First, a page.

All the right stuff for toddlers

May 2, 2004
Outside Magazine

1999 Family Vacation Guide, The Itinerant Toddler

All the right stuff for toddlers
By Gretchen Reynolds

As new parents soon learn, the defining achievement of toddlers is not walking, it's willpower. If your little one can walk, he'll demand to walk. And if she can talk, she'll holler — usually "No!" Traveling with these pint-sized autocrats requires an ironclad sense of humor — and the latest gear. If you have the right stuff, trips with your toddler can be a riot. In the best sense.

Begin with gear for movement, the surest way to soothe and amuse a toddler. A child-carrier backpack is the standard here, the tougher and more capacious the better. It'll have to bear up under wiggling, dozing, and repeated apple-juice dousings. Kelty's Elite ($175), which now comes standard with a sun/rain hood and a child-size zip-off pack, is made of rugged ripstop nylon and has one of the best-fitting harness systems on the market. Hiking too slow for your little Knievel? Sling him into the new Sport Utility Stroller from BOB ($359). With its mountain-bike-like, spring-and-elastomer suspension, it lets you push him on dirt trails at squeal-inducing speeds. Later, when your three-year-old is ready to go where no tricycle-bestriding tot has gone before — i.e., onto roads — attach the Burley Piccolo ($350) to the back of your bicycle and, voilà, a toddler tandem. Don't forget a CPSC-approved child helmet, preferably an aero beauty such as Bell's new Half Pint Pro ($30). It's never too early to introduce Junior to the coefficients of wind drag.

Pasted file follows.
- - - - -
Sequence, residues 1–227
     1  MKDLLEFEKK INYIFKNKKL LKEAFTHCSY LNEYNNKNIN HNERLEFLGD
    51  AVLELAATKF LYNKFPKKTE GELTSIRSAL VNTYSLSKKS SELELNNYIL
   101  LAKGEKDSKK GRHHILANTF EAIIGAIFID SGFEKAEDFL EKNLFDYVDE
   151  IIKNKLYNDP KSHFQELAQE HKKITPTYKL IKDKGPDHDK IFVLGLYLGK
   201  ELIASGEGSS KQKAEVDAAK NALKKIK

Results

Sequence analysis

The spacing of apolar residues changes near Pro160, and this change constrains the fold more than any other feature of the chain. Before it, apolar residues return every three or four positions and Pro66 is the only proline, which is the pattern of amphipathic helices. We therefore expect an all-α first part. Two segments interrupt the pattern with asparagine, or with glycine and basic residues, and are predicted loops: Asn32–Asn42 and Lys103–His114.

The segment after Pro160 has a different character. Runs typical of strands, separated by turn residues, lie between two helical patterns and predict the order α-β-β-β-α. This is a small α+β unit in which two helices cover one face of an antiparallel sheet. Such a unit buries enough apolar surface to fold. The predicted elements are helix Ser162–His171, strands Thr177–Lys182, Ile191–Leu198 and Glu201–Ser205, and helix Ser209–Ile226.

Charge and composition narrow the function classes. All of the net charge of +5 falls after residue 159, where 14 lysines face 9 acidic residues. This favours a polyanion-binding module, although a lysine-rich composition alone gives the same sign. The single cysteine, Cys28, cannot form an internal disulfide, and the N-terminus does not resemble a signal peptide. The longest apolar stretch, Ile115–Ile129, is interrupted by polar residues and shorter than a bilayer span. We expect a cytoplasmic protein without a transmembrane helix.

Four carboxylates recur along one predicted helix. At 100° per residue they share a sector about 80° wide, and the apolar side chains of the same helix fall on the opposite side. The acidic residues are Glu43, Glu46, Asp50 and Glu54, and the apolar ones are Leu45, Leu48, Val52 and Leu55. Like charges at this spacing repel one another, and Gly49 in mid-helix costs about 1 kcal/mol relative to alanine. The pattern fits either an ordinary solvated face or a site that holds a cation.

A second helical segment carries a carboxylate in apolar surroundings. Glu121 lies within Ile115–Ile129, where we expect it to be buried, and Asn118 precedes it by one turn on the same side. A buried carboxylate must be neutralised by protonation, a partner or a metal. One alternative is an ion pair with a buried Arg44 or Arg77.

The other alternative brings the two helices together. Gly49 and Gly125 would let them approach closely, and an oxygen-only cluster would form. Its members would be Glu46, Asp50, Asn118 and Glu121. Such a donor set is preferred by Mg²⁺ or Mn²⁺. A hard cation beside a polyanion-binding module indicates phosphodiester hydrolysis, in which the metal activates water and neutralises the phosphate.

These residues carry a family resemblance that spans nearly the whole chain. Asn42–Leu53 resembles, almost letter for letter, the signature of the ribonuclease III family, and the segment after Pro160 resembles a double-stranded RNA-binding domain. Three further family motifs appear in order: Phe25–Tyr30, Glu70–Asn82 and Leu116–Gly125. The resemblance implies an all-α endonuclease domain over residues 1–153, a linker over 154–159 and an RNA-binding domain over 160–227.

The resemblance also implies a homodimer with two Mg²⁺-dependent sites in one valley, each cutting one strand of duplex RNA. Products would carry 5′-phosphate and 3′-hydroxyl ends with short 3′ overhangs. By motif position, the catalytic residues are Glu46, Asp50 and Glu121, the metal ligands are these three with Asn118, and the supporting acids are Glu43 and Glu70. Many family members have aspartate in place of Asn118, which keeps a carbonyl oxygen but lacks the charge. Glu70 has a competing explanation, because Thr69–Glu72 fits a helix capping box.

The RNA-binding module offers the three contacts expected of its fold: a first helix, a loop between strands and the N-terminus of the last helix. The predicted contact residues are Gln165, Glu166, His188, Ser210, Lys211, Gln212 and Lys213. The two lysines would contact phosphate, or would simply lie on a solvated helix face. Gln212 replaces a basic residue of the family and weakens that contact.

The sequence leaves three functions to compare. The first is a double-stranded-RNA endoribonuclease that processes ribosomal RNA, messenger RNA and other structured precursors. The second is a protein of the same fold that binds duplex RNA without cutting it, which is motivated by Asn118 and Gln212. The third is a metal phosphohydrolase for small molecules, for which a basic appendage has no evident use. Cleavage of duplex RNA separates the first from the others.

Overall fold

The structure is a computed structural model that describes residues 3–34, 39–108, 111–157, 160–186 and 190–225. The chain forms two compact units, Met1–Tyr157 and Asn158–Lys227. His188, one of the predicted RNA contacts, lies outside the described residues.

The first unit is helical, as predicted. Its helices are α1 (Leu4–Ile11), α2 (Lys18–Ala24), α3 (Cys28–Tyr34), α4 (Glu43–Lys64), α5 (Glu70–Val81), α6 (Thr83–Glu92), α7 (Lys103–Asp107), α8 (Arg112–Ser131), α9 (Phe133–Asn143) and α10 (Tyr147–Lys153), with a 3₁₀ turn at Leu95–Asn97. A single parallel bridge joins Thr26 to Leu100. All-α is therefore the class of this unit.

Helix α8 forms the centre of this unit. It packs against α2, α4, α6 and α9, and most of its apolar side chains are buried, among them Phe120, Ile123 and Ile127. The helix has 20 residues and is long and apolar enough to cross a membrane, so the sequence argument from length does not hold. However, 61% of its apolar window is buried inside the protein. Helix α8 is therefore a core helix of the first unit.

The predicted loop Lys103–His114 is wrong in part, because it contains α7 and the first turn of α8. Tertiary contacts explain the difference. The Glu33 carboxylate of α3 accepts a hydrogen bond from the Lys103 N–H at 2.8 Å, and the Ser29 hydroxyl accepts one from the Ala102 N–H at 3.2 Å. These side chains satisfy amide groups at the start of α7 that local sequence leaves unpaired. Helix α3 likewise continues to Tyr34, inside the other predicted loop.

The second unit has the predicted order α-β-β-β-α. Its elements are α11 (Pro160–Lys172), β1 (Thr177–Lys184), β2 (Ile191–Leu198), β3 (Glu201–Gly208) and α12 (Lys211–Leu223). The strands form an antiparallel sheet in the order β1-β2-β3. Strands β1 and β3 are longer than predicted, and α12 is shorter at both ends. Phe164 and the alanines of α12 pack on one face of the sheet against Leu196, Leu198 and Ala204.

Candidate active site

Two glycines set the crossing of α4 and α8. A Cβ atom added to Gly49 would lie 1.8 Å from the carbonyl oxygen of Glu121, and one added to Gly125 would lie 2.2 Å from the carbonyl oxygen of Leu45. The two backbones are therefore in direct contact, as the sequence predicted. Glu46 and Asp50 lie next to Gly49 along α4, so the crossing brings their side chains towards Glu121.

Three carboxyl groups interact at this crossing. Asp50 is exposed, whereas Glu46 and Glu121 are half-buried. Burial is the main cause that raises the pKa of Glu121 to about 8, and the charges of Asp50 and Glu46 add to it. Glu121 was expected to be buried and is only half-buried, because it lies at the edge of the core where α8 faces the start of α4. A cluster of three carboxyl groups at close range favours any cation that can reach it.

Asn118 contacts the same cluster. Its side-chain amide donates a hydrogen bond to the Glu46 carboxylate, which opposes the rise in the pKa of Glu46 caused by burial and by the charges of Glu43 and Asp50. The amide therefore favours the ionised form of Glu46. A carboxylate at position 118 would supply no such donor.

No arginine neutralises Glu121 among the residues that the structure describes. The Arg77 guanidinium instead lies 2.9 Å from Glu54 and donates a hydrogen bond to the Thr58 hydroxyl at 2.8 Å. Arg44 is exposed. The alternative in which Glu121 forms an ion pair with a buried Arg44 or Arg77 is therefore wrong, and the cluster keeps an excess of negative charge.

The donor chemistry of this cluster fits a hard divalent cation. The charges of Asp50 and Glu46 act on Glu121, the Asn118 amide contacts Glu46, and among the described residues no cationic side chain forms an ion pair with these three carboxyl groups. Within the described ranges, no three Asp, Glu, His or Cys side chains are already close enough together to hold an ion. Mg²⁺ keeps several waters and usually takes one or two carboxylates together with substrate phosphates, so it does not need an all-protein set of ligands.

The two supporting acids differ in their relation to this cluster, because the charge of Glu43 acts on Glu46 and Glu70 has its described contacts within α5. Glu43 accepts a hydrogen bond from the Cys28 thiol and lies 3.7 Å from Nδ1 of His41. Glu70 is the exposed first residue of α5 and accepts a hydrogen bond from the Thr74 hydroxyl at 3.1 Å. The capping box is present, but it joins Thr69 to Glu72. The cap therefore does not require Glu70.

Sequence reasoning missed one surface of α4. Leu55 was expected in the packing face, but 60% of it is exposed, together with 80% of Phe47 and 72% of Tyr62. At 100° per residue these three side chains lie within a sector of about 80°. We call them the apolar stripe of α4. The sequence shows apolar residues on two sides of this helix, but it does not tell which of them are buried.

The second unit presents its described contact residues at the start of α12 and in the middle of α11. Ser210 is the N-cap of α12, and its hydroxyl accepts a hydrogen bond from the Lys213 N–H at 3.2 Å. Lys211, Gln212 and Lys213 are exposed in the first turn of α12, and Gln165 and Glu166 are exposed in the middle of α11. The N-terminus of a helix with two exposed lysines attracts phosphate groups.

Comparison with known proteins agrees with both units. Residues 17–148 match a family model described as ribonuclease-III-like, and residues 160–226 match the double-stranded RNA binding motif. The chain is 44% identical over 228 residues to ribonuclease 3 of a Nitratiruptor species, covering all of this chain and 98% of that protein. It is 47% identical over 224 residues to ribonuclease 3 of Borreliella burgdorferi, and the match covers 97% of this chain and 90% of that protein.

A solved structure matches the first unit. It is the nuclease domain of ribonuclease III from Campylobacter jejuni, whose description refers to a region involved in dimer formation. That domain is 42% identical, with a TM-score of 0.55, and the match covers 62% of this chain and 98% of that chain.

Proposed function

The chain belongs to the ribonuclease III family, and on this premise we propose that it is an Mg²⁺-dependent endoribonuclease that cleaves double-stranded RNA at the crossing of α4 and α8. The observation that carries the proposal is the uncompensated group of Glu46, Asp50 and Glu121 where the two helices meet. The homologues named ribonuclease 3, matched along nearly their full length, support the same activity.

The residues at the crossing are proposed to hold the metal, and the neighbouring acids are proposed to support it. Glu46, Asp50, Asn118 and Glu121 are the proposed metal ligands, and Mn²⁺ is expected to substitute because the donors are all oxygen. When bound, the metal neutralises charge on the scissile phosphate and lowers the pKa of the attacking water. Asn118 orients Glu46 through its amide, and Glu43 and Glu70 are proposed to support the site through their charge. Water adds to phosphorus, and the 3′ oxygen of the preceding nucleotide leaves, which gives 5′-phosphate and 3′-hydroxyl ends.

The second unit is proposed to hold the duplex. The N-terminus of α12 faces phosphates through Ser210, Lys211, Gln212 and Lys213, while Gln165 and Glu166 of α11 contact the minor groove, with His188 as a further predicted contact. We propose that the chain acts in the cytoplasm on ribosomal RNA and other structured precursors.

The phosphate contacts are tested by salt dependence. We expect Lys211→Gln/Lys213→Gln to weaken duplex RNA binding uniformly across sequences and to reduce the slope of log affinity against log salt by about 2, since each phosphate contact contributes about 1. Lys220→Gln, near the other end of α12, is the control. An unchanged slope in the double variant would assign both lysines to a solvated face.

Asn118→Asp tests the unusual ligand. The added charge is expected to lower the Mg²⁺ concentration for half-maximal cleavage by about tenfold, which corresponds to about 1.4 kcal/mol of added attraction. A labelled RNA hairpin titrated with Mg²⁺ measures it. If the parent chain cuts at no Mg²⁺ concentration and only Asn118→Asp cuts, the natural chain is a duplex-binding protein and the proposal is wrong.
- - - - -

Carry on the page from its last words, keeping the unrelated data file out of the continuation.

At night, think familiar. Preschoolers thrive on routine, which is why the new portable and foldable Bumpa Bed ($140) from The Baby Jogger Company is so comforting. If your child naps between its foam bumpers at home, he'll snuggle down happily in the tent. Dress Junior in an insulating layer — such as Patagonia's Seedling midweight Capilene line ($12-$38), which is literally made with the scraps from adult underwear production — and finish off with a warm, clutchable blanket like the new hooded Windbreak Toddler Blanket ($52). Another sensible cover-up is the new Go-Blanket from Eclogue (toddler size, 30 inches by 36 inches, $29), which is made from Polarfleece with a backing of waterproof nylon Ultrex, and doubles as a play mat or changing pad.

For other essentials, think cute. Your toddler needs shoes, and he needs sun protection. Why shouldn't they be adorable? Midget Nike Air Madas ($36) and teensy Bollé specs ($20-$30) transform your child into the ideal outdoor fashion accessory. You'll be proud to traipse into the backcountry with him, even as he hollers at the top of his lungs, "No!"

Photographs by Clay Ellis

Copyright 1999, Outside magazine

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